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Why Do You Serve? This work is considered exceptional by our editorial staff.

We live in society that chooses to make its biggest issues similar to the following:

Who will win American Idol?
What can I do to get more “likes” on Facebook?
When is the next iPhone due to be released?
Where is the nearest Chick-Fil-A?
Why is Lindsay Lohan in rehab again?
How is Charlie Sheen still alive and kicking?

While every one of these questions has a unique significance to popular culture, I believe that America’s youth has succumbed to the all-too-enticing grasp of first-world complacency. People around me are always talking but never say anything at all. Conversations lack substance while pressing issues get swept under the rug for a day that will never come. As a naïve middle schooler who saw more purpose in Myspace statuses than working to make a difference, I knew this lifestyle a tad too well. I would get home after a long day of school, pop open a fresh Diet Coke, and waste the day away watching Disney channel while doing homework. I was so immersed in my schoolwork and the intricacies of the entertainment industry that any issue outside of those realms ceased to exist. I was blind to problems both at home and overseas. That is, until that unforgettable day in seventh grade when I attended my first Miami Heat game.

My sister and I were drawing festive war paint on our faces to the tune of red and black; my mother and father exchanged witty repartee in the front seat; the cool October breeze blew in from the open window in the back. These components made for an evening like any other, until we entered what my mother calls the “Skid Row” of Miami. Blood-curdling wails and screams, along with ferocious tapping noises, erupted from seemingly nowhere. My sister and I pushed our noses against the glass and tried to get a glimpse of who or what was causing all the ruckus. What I saw truly changed my life. People of all ages lined the streets. Men pushing shopping carts as make-shift homes argued over sleeping space. A mother rummaged through an open dumpster while cradling an infant in her arms. All the while, inhabitants of Skid Row yelled and hissed insults – although they were directed at cars rolling passed, I felt as though they were spoken directly at me. As I looked at these people, I muted their insults and focused on their faces. They each had pulses, and dreams, and unique thought processes; they were no different than me, no better or worse, yet they sat on the streets while I sat in a Mercedes. I saw the hopelessness burning in their eyes and was left horrified, enlightened, and angry – how could this travesty persist within my city’s walls, less than a mile away from the luxuries of the state’s finest basketball stadium? The question remains unanswered, but I have tried my hand at rewriting it ever since.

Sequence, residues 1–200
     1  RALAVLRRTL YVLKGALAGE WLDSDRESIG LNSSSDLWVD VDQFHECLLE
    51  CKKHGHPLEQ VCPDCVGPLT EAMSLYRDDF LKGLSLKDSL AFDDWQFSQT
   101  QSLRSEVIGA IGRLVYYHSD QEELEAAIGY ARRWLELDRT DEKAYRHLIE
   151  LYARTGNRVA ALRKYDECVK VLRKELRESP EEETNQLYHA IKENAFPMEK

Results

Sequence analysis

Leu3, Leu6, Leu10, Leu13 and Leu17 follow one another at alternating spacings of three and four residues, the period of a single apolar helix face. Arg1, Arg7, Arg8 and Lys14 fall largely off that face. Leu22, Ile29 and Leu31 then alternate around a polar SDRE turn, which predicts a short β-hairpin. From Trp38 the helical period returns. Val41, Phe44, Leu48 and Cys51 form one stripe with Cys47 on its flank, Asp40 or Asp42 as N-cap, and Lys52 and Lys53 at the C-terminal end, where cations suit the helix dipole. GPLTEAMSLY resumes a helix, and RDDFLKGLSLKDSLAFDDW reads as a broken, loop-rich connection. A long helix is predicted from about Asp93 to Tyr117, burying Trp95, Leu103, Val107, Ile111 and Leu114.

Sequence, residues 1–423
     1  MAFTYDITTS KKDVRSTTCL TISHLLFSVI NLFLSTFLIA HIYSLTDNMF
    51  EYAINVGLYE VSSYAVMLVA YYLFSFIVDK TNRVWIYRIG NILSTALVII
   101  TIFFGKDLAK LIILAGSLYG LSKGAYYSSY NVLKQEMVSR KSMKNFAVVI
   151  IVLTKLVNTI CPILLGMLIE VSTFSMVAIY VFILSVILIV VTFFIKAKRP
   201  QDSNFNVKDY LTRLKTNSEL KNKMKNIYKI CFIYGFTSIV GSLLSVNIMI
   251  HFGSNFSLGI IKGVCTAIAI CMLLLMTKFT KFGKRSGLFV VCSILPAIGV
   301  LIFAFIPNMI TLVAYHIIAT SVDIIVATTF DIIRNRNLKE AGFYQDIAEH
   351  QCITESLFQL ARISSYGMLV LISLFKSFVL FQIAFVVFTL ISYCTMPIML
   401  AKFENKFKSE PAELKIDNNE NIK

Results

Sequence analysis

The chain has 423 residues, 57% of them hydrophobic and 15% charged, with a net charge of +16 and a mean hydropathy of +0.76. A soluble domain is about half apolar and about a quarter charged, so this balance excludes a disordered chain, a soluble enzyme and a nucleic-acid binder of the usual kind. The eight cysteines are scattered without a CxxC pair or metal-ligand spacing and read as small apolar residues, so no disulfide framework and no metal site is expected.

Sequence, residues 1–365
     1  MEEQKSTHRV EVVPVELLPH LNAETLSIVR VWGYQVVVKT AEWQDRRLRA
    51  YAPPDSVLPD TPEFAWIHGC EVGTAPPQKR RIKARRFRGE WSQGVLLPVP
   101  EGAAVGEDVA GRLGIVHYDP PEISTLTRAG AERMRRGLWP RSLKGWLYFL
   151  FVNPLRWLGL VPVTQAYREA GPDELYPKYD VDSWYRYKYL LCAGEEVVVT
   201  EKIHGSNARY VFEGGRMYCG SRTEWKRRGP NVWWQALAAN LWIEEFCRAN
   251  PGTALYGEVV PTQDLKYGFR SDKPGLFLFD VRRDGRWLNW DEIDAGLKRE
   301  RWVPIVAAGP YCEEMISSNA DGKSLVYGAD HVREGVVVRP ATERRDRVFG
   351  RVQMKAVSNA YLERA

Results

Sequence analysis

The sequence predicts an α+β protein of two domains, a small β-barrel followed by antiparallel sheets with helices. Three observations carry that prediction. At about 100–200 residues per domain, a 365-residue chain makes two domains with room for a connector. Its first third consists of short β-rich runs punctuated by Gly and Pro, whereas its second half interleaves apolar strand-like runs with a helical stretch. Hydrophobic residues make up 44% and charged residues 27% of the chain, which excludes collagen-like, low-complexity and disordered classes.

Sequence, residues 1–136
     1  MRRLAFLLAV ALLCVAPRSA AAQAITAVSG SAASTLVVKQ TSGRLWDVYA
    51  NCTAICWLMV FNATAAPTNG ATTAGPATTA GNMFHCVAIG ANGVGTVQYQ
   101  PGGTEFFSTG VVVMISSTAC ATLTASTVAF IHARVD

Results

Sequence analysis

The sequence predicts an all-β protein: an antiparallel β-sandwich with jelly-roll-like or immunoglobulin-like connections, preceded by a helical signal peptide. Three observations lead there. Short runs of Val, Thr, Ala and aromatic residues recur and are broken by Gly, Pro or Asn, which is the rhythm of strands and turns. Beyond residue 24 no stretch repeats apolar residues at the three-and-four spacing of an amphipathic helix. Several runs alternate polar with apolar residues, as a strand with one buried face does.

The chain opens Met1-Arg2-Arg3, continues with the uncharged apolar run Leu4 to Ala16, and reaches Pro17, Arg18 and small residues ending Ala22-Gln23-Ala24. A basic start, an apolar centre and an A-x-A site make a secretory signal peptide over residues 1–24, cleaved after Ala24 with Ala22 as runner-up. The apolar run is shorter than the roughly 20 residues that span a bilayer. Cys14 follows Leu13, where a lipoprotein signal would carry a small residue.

I have spearheaded food drives through my Girl Scout troop to help the homeless. I have founded an annual clothing drive to give underprivileged Catholic students a beautiful and unforgettable sacrament of Communion. I have coordinated walks for leukemia and breast cancer to take one step closer to finding a cure. I have dedicated six hours of every Saturday to making the deaf and disabled feel as beautiful and purposeful as I see them to be. I have packed, collected, and shipped hundreds of presents for children of third-world countries to have a Christmas to look forward to. I have spearheaded a community-wide book drive, collecting over $20,000, to give the child soldiers of Uganda the education they deserve.

Everything I have done so far has been aimed at one common goal: giving people in my local community and overseas a fighting chance to prosper, and a reason to endure. As Winston Churchill once said, “If you are going through hell, keep going.” I want to provide light at the end of as many tunnels as I can.

Ignorance is bliss, sure, but knowledge is power: I serve to leave a legacy of positive change, no matter how small, and will stop at nothing to do so.



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